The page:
The unsent letter

Expressing Feelings I often encourage my clients to write down their feelings. I got inspired by Gillie Bolton who says ‘that people should be encouraged to write as they feel and to dump their thoughts onto paper’. I often have client’s who are wary of counselling or find it difficult to talk as they are unable to express their feelings. I suggest they write just a few words each day and often the clients start noticing a pattern with their thoughts or it can reveal why they are feeling depressed, stressed or anxious or it just allows them to sort out their feelings. Writing gives them the confidence to begin exploring their issues with me in great depth. Clients often tell me how inspiring and powerful they find writing therapy.

Writing therapy can also work for the unsent letter or email. Clients who are grieving over the loss of a loved one who had died suddenly often find it hard to move on as there are so many unanswered questions. I therefore encourage them to write a letter to the deceased person. When a person dies suddenly there are thoughts and feelings which are left unsaid and writing these down can allow you to try and reach a sense of resolution. Unrecognised emotions are often identified and the letter provides an outlet for them. Writing can often help the client process their emotions around the loss.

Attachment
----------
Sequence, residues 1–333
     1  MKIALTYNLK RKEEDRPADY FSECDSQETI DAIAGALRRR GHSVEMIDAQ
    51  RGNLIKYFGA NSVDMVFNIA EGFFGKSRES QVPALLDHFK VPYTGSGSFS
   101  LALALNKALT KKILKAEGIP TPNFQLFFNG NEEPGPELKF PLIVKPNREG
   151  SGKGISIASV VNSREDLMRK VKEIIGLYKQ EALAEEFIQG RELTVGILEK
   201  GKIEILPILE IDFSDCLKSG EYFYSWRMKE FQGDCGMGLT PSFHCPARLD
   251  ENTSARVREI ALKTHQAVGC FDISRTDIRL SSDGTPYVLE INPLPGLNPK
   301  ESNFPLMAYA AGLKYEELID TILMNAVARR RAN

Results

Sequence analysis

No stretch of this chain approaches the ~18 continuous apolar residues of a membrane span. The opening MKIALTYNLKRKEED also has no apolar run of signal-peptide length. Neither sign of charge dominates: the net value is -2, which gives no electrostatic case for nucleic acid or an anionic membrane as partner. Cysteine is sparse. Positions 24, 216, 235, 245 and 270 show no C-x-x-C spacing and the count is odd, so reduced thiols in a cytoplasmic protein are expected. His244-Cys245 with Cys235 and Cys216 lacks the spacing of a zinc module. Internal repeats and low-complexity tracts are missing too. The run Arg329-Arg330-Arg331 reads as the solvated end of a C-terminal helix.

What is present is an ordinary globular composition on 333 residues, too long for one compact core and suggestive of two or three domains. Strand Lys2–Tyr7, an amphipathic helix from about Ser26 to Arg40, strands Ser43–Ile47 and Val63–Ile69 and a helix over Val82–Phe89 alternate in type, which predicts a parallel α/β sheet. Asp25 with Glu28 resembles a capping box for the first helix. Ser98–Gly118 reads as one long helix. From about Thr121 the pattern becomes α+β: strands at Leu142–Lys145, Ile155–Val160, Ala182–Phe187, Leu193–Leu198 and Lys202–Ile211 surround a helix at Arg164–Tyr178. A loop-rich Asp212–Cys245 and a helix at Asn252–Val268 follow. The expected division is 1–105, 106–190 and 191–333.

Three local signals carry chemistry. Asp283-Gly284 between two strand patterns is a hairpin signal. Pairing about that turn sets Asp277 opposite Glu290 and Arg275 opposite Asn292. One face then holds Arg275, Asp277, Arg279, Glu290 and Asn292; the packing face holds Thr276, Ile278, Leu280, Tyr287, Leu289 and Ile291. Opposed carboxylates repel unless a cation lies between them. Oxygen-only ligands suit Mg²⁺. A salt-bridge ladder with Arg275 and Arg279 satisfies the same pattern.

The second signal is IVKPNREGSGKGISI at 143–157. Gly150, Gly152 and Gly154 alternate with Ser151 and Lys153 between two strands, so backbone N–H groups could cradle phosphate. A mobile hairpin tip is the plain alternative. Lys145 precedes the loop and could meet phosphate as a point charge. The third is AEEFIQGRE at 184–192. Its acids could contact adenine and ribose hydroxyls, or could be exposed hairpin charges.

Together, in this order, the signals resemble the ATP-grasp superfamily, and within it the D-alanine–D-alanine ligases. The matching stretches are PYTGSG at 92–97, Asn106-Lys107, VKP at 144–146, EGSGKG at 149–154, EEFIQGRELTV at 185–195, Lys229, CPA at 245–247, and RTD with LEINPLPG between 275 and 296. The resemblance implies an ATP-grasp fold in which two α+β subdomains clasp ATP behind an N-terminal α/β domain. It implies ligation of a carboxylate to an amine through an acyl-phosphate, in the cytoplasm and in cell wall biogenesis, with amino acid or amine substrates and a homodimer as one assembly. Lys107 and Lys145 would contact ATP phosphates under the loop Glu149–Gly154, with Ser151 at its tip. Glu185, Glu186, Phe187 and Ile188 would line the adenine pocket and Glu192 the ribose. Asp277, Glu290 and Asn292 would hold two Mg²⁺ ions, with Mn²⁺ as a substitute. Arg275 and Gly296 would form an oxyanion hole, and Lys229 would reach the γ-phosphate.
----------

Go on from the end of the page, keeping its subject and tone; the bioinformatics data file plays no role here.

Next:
And after? Clients often do not show me their letters and they don’t tell me what they do with them. Often ripping up the letter or burning the letter can be helpful once those emotions are resolved allowing you to move on. Maybe with some it inspires them to write more. All I know is that it has been a helpful part to our therapy. Maybe you would like to try writing about your feelings? Just write as you feel. Don’t worry about the grammar, punctuation etc. Give it a go as you can do it on your own, anywhere. If you have tried writing therapy has it worked for you?

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Hazel Hill has a private supervision and counselling practice in Sheffield. As well as having a private Sheffield and online practice, her clinical experience includes working for IAPT, EAP's affiliate work, and charity. Hazel specialises in workplace counselling, bereavement, anxiety and depression and outdoors counselling. You can contact her on 07814 363855

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